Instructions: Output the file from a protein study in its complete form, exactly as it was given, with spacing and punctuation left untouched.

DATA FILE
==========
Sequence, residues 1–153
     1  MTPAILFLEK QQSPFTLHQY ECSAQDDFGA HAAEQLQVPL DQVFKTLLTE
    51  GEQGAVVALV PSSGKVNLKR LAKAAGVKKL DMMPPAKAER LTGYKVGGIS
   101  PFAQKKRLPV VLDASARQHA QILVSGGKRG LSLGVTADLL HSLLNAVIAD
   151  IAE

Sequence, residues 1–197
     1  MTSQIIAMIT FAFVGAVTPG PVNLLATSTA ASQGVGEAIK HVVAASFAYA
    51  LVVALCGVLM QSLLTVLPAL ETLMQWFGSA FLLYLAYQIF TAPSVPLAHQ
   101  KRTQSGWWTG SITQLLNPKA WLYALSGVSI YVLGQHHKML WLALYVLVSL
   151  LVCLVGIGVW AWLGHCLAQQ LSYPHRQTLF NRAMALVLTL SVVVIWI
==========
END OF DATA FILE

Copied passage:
Sequence, residues 1–153
     1  MTPAILFLEK QQSPFTLHQY ECSAQDDFGA HAAEQLQVPL DQVFKTLLTE
    51  GEQGAVVALV PSSGKVNLKR LAKAAGVKKL DMMPPAKAER LTGYKVGGIS
   101  PFAQKKRLPV VLDASARQHA QILVSGGKRG LSLGVTADLL HSLLNAVIAD
   151  IAE

Sequence, residues 1–197
     1  MTSQIIAMIT FAFVGAVTPG PVNLLATSTA ASQGVGEAIK HVVAASFAYA
    51  LVVALCGVLM QSLLTVLPAL ETLMQWFGSA FLLYLAYQIF TAPSVPLAHQ
   101  KRTQSGWWTG SITQLLNPKA WLYALSGVSI YVLGQHHKML WLALYVLVSL
   151  LVCLVGIGVW AWLGHCLAQQ LSYPHRQTLF NRAMALVLTL SVVVIWI